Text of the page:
Wreck of the SS Mohegan

The Atlantic Transport Company's steamer Mohegan, formerly the Cleopatra of the Wilson and Furness-Leyland Line, which left London for New York yesterday with 50 passengers and a crew numbering 150, is ashore off the Lizard, between The Manacles and The Lowlands. It is though that there has been a great loss of life.

According to a dispatch just received from Falmouth, out of the 200 persons constituting the passengers and crew of the Mohegan, only thirty-one have been saved.

Unable to take to the boats, many passengers and crew went astern to the taffrail and were washed overboard. Fifteen passengers and crew climbed into the rigging and were saved because the masts remained above water when the hull settled. One of the engineers was washed overboard but swam back and climbed onto the funnel, burning his hands badly on the steam pipe as he did so. And one of the greasers even managed to swim three miles to Coverack. Two thirds of those on board were not so lucky. Among the 106 lives lost were those of Captain Griffiths, Assistant Engineer William Kinley, and all of the other officers.

The Mohegan ran onto the Manacles, embedding the rudder into the rock and tearing the hull open. The ship had struck Vase Rock, and now drifted onto the Maen Varses reef. Dinner was being served at the time, and many of the passengers were initially unaware of the severity of the accident. The engine room was almost immediately flooded to three feet. The steam gauges broke and the crew rushed to the deck. The ship was plunged into darkness soon after. With the loss of power the passengers made their way onto the deck, where attempts were made to launch the lifeboats.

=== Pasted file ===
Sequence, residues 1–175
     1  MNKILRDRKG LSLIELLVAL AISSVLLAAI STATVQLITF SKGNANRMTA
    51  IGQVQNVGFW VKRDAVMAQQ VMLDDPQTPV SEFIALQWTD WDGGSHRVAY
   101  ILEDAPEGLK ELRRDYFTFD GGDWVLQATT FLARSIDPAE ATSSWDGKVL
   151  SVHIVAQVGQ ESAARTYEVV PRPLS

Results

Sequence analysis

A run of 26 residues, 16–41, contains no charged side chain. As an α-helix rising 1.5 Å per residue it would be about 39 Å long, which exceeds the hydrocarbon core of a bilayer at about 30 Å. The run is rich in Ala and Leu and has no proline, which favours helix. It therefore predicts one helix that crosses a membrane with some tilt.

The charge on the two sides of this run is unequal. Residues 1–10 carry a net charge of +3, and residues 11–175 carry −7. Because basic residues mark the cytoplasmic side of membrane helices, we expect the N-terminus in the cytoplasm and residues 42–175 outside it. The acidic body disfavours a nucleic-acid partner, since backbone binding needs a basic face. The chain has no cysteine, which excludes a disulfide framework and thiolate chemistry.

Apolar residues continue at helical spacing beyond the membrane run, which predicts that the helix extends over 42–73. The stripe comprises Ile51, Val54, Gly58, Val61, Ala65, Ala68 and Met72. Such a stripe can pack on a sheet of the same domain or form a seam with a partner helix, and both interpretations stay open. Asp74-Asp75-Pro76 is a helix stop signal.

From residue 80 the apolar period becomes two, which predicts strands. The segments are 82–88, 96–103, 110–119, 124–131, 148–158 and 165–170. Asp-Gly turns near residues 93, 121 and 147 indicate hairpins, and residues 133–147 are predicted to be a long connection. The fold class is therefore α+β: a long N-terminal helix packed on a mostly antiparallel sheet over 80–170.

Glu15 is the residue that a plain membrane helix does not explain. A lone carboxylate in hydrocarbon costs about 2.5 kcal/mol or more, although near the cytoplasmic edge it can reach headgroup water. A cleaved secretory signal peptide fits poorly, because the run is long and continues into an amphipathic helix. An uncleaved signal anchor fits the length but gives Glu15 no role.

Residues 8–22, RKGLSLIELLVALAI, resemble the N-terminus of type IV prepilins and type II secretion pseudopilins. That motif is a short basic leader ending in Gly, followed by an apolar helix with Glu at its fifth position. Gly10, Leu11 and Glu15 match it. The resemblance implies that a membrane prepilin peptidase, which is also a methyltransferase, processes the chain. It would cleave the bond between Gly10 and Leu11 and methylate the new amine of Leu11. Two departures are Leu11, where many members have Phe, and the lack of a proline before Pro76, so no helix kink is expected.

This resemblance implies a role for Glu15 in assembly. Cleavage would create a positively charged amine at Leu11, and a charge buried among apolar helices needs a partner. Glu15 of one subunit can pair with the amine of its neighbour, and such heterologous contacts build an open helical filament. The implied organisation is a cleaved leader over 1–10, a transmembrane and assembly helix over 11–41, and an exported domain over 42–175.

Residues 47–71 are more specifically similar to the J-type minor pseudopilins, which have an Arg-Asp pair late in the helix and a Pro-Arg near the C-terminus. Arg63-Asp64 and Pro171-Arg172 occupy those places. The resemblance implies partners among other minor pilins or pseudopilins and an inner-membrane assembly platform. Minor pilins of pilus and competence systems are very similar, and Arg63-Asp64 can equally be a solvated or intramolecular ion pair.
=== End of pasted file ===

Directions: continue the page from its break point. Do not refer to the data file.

Captain Griffith had ordered the fitting of a high second rail inboard of the lifeboats to prevent their being rushed in the event of an emergency, but this now hampered the launching of the boats. Further problems were encountered when the ship listed to port then heavily to starboard. Only two lifeboats were launched, of which one was virtually swamped and the other capsized. The ship rolled and sank 12 minutes after hitting the rocks, with the loss of 106 lives. Captain Griffith, Assistant Engineer William Kinley and all of the officers went down with the ship. Only her funnel and four masts remained above water. The Porthoustock lifeboat Charlotte was launched in 30 minutes and rescued most of the survivors from the wreck and the water; 44 persons were saved.